In the middle ages, a legend persisted among Europeans that there was a Christian ruler in Asia, or Africa, who would come to join with European Christians to help fight Moslems in the crusades.
The only problem was, that this distant Christian ruler didn’t exist. Yet, while the ruler was a fable, the story was actually based on some facts.
Learn more about the legendary Prester John, and how Europeans pinned their hopes on him, on this episode of Everything Everywhere Daily.
The origins of the Prester John story go back well over a thousand years. As Christianity spread across Europe, there were rumors of other Christian kingdoms far away in Asia. Europeans certainly knew about Asia, but they didn’t know much about Asia. Goods and information from the East traveled slowly and would pass through many hands.
If you remember way back to my episode on if the ancient Romans and Chinese knew about each other, what they knew was very vague at best, and there was really no direct contact.
This situation didn’t change after the fall of the Roman Empire. If anything, the breakdown of a central government made trade harder and decreased what little information these parts of the world knew about each other.
The first confirmed mention of Prester John that we know of comes from the Chronica of Otto van Freisingen from the year 1145. He recounted how the Christian emperor in the East was going to assist the Europeans in the crusades, but he was unable to cross the Tigris River in modern-day Iraq.
Just a few years later in 1165, the fabricated Letter of Prester John became a meme that spread around Europe. It was this letter that really turbocharged the Prester John myth.
It was addressed to Byzantine Emperor Manuel Comnenus and it was sent from the ‘supreme ruler of the three Indies’.
The writer, who identified himself by the title Prester John, claimed to rule a massive kingdom, with 72 kings below him. He listed all of the exotic animals in his kingdom, which today is sort of a giveaway for the letter being fake, because it is a hodgepodge of some animals found in Asia, like tigers, and some found in Africa, like giraffes.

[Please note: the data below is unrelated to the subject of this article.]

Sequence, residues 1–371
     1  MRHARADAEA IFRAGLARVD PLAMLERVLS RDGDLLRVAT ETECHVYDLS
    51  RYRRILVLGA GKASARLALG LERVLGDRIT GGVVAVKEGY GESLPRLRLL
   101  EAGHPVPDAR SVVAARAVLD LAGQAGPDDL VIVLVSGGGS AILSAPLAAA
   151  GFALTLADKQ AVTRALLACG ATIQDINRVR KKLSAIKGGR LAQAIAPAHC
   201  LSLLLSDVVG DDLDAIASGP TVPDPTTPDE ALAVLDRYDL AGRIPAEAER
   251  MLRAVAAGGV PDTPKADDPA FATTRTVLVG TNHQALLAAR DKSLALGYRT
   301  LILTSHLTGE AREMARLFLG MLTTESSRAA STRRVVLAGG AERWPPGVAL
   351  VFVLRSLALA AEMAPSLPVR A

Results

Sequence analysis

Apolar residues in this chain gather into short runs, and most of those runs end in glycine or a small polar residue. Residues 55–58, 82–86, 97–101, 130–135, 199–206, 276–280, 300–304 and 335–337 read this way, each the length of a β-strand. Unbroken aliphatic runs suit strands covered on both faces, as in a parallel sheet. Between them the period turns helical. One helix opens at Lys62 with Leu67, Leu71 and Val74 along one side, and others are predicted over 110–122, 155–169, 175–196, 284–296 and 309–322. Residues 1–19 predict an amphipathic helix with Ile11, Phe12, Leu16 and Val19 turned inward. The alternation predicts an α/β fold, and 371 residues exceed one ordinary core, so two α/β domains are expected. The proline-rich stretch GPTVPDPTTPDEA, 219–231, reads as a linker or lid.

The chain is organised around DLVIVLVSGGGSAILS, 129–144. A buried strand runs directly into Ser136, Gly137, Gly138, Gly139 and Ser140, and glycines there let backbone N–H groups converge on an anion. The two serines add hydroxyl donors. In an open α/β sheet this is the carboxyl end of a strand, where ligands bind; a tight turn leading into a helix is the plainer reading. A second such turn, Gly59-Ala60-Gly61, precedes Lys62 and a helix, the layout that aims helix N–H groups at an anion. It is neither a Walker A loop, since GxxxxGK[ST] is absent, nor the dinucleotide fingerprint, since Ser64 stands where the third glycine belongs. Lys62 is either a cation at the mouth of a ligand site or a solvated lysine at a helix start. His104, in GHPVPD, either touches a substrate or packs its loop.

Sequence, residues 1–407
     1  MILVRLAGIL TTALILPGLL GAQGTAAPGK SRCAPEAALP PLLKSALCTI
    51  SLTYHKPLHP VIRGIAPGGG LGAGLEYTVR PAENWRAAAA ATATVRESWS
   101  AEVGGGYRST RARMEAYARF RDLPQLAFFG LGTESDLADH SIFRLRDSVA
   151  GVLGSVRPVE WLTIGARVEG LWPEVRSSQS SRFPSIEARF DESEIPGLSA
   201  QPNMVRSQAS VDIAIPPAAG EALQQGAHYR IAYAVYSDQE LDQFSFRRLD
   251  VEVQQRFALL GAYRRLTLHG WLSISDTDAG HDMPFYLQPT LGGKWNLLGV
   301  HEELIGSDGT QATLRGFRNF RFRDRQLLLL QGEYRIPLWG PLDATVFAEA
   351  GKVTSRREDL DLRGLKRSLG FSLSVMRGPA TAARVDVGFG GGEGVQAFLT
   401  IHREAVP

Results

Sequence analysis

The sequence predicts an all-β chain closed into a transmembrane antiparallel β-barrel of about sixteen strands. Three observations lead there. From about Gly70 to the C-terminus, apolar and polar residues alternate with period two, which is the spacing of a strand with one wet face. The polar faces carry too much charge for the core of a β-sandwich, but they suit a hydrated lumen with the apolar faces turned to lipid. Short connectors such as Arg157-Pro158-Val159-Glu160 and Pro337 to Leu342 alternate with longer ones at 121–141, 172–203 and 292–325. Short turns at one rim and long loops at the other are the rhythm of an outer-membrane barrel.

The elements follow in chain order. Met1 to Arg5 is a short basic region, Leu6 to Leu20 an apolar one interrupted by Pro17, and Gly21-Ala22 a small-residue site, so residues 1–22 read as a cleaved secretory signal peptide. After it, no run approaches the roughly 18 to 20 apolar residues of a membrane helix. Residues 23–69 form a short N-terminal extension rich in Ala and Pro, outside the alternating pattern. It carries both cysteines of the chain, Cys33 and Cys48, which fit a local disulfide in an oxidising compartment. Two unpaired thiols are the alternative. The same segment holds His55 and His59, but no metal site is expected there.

The letter further goes on to say how rich and powerful his kingdom and how one day he would like to visit the Church of the Holy Sepulcher in Jerusalem.
This was really exciting stuff for European Christians. In 1177, Pope Alexander III sent Prester John a reply, but of course, he never heard anything back.
Over the years, this legend didn’t disappear. It grew over time.
Prester John, as the name would imply, was both a king and a priest. According to the legend, he was descended from one of the Three Wise Men in the bible.
The initial location of Prester John was originally somewhere in India, as is indicated by the ‘supreme ruler of the three Indies’ line in the letter.
Much of the reason why the legend kept growing overtime was due to the ignorance of geography most people at the time had. There were references to Asia and Africa mashed together, and most people had no clue that was a problem, because both Asia and Africa were just far away places to them, and they had no clue what was really there.
In 1221, the bishop of Acre, the city in modern-day Israel, returned to Europe after the 5th crusade, which didn’t go so well, with great news. King David of India, the grandson of Prester John, was working his way west conquering the Muslim armies along the way.
This was mostly wishful thinking, as the Christians in the Levant were getting beaten badly by the Muslims at this point.
It turns out that the “King David” he was referring to was none other than Genghis Khan, who was indeed working his way west conquering kingdoms, but wasn’t a distant Christian ruler.